WordPress is the most popular site building platform, and for good reason. It makes building and managing your site super easy, and is particularly well-suited to blog-style websites. You can spend a lot of time and effort fiddling with its features to get things just the way you like them, but it doesn’t take a tech genius or a ton of effort to get your WordPress up and ready to go. So what do you need to get your blog started on WordPress?
There are a couple main steps we’ll take you through:
- Installing a Theme
- Adding Content
“What is hosting?” you might be asking. Your website needs somewhere to store all its content, and a web hosting service provides your with the server space needed to do that. A hosting service also ensures that the servers housing your website stay connected to the internet so that people can browse your blog without issue.
There are lots of web hosting services to choose from, and choosing a good one will help make sure your site loads quickly and doesn’t go down (or at least doesn’t stay down for hours). Do your research, shop around, and choose the hosting service that’s right for you. If you want a place to start, we recommend SiteGround or WPEngine.
A good option for the budget conscious who are starting small. You can get set up with hosting for under $10/month, though there is a chance you may one day outgrow this hosting service, as its highest tier option is best for up to only about 100,000 visits a month. The best part is you can have multiple sites on the same plan.
This hosting service specializes in WordPress, so it offers a lot of WordPress-specific features that help streamline your set-up process. WPEngine also emphasizes customer support, so this may be a good option if you appreciate the peace of mind that comes with access to a responsive support team. Its higher tiers can also comfortably support up to around 400,000 visits per month, which is great for those with the ambition to make it big.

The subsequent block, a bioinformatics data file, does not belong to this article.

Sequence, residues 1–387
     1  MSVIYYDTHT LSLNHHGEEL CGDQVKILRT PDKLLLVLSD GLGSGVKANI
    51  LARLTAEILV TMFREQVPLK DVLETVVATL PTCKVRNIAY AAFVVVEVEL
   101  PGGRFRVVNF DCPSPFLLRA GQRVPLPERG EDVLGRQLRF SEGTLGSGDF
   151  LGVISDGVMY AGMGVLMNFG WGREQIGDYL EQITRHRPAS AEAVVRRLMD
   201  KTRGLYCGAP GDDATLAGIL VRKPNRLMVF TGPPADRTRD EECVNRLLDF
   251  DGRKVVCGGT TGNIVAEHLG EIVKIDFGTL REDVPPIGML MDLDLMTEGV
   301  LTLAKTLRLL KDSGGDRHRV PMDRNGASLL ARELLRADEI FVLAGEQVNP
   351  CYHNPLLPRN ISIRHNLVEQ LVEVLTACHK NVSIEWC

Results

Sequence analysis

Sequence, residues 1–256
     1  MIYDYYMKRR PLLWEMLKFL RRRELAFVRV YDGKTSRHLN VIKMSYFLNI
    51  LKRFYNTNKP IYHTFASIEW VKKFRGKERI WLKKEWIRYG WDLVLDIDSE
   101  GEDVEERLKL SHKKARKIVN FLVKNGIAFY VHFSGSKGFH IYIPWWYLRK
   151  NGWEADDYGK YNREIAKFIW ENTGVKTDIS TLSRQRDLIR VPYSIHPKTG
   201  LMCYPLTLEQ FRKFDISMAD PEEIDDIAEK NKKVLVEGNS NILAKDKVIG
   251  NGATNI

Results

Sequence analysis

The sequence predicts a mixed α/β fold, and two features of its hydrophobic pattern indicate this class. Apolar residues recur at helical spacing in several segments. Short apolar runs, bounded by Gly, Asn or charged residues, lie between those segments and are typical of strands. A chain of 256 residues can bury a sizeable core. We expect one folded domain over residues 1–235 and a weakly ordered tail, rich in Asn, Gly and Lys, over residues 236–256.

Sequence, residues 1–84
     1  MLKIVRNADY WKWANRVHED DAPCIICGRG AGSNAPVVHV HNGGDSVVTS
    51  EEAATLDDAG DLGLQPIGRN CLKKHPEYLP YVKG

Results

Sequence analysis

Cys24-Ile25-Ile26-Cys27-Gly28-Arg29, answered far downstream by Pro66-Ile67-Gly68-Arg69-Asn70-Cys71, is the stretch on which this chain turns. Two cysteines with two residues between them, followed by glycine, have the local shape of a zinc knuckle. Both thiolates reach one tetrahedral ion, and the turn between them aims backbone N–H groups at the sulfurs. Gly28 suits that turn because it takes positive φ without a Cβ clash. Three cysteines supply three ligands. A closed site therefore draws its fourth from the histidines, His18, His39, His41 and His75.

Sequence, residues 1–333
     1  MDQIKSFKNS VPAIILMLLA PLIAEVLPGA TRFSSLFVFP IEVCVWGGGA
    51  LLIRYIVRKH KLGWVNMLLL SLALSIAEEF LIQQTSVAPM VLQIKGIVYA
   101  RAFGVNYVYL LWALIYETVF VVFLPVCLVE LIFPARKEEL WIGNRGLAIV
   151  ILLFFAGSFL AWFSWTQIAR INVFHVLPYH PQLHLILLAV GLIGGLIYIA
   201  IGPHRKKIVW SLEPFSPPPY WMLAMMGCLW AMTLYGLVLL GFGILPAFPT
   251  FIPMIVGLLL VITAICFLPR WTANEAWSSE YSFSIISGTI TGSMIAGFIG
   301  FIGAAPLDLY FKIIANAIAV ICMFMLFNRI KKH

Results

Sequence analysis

Your domain is your web address—the place within the real estate of the internet where people can find your website. It’s the place where your hosting service delivers your content so that visitors can see it. Because your domain and your hosting service work together to create your website, many hosting services also include access to a domain name—sometimes for free, and sometimes for an additional fee. However, hosting and domains are not the same, and you can also buy a domain name separately from your hosting service should you choose to.
It’s worth noting that with WordPress, you don’t have to own your own domain name. However, the alternative is having a web address with .wordpress.com at the end (yourbusinessname.wordpress.com) instead of just .com or .org, etc. (yourbusinessname.com). Owning your own domain name makes your site look more professional and is easier for visitors to remember and type if they want to come back in the future.
When selecting your domain name, you can choose between a number of domain extensions, from the standard .com to the esoteric .pizza. We recommend going the .com route whenever possible; people are used to it, and it’s easy to remember. Other solid options are .org and .net, but the more whimsical and unusual extensions (.pizza, etc.), while fun, may not look professional.
Choosing the Best Domain Name
The ideal domain name is easy to remember and spell, while also being unique and difficult to confuse with a similar site (e.g. maybe don’t name your food blog “ThePioneerLady.com”). Short and sweet domain names are best, but branding is ultimately the most important factor. What do you want to be known as? What do you want people to come to your site for? What are your offering to your visitors?